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Antique metalwork from other owners took substantial prices, whether it was decorative, military, naval or novelty. Most wanted was a fine Meiji period silver filigree, enamel, gold lacquer and shibyama footed dish, the central panel decorated with herons beside flowering branches, the filigree rim with applied enamel flowers, 10ins (25.3cm) diameter, the signed mother-of-pearl seal signed Hosen. From a local estate, it sold to a London-based buyer for £4,500.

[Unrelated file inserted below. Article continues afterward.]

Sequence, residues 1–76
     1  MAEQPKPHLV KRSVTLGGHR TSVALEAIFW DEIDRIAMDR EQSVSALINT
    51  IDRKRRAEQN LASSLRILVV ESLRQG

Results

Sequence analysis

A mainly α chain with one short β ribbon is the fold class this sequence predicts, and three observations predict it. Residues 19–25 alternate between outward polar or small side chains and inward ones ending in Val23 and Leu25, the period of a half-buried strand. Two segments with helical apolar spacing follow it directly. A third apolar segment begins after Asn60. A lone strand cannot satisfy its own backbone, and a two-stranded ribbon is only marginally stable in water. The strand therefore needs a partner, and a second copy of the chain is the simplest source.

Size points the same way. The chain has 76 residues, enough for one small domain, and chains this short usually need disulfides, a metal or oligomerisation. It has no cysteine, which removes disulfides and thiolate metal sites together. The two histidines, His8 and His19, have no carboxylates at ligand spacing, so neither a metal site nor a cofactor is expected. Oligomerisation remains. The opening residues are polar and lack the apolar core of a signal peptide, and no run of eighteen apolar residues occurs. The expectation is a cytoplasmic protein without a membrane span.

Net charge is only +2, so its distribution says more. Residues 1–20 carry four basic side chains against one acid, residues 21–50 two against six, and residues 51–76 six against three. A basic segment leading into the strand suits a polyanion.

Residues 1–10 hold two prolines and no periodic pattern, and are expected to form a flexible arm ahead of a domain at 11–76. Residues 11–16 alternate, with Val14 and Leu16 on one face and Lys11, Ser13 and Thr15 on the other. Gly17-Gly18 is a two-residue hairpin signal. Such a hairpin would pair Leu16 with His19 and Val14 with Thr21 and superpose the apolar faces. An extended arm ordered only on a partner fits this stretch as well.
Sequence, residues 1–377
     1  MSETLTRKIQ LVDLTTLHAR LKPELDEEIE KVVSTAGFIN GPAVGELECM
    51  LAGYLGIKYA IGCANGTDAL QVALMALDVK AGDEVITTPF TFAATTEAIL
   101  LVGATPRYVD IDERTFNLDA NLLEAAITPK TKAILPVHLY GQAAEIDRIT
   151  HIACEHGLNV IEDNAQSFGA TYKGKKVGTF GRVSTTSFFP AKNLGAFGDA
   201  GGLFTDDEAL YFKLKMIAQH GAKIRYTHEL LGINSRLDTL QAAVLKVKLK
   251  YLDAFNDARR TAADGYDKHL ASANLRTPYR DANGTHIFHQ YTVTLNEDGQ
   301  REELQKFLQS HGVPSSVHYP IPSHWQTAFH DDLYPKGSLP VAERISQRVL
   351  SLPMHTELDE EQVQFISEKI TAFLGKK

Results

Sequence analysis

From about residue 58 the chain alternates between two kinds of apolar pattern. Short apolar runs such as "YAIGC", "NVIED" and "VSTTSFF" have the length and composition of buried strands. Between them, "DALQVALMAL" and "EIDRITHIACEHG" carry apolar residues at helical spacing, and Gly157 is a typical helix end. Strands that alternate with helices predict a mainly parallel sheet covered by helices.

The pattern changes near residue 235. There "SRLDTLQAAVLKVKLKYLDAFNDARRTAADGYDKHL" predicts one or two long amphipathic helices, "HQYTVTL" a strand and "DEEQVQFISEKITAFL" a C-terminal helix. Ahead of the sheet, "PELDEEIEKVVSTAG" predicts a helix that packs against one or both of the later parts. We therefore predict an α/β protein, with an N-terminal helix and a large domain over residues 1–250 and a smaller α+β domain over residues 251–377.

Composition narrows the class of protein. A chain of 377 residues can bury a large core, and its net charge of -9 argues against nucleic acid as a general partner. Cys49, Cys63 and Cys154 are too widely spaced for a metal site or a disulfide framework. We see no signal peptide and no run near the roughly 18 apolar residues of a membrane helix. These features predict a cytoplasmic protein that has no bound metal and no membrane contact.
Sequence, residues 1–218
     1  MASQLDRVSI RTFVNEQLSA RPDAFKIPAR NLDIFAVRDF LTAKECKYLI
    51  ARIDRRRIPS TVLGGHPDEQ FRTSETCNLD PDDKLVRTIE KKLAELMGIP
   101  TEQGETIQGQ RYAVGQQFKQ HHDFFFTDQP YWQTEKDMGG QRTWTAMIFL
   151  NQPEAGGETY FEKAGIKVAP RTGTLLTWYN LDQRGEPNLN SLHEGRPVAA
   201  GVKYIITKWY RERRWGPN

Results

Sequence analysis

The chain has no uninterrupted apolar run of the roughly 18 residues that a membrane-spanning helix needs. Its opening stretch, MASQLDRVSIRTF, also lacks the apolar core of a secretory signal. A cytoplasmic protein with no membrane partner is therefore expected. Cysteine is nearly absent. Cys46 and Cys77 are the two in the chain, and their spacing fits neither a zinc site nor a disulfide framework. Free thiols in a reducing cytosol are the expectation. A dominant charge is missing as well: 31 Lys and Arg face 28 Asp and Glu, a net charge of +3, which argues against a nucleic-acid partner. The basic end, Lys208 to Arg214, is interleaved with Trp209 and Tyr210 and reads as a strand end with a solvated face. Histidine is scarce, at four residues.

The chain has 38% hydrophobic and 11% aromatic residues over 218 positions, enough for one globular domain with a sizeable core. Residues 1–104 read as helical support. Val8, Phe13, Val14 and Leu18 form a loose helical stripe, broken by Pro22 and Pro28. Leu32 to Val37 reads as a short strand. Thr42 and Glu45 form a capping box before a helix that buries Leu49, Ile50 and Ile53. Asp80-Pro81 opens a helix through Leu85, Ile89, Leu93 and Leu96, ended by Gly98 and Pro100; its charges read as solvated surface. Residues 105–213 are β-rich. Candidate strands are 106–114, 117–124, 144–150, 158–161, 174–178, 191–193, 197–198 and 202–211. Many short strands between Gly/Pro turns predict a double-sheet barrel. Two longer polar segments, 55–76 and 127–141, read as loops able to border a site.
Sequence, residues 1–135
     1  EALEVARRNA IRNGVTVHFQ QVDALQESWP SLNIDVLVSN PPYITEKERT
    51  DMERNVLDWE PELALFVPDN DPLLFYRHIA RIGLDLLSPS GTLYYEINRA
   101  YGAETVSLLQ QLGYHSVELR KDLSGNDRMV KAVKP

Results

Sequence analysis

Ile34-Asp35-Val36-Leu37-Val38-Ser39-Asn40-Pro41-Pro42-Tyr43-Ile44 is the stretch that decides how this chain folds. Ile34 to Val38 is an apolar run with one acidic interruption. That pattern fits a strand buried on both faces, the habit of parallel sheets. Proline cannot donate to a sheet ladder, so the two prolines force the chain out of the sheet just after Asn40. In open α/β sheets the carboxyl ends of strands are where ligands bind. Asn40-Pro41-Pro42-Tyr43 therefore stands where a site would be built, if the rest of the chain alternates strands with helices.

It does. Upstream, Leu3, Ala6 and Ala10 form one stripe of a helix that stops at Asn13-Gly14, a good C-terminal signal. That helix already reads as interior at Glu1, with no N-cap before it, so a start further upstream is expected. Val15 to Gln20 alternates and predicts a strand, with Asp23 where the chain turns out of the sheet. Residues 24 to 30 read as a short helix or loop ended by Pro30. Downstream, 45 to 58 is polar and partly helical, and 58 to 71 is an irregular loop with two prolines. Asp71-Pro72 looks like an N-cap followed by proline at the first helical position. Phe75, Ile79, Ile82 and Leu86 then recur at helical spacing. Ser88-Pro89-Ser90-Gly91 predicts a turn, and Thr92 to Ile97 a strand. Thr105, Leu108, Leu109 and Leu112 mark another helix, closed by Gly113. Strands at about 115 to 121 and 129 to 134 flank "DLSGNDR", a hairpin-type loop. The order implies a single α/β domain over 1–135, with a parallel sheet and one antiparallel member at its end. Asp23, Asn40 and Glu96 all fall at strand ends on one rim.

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Among militaria was a late 18th century Russian silver medal, struck to commemorate the partitioning of Polish territory and its acquisition by Russia of Catherine the Great. By Carl Leberecht (1755-1827) and Johann Balthasar Gass, the obverse of the still crisp medal showed a shoulder-length portrait of Catherine, while the reverse depicted a double-headed Russian imperial eagle wearing the medallion of St. George, its talons holding two maps of the returned lands dated 1793 and 1772, with the legend in Russian - "What Has Been Lost is Now Returned".

A three-way battle for ownership ensued between Russia, Hungary and the UK, an Essex collector triumphing with a bid of £2,100 against an estimate of £600-800.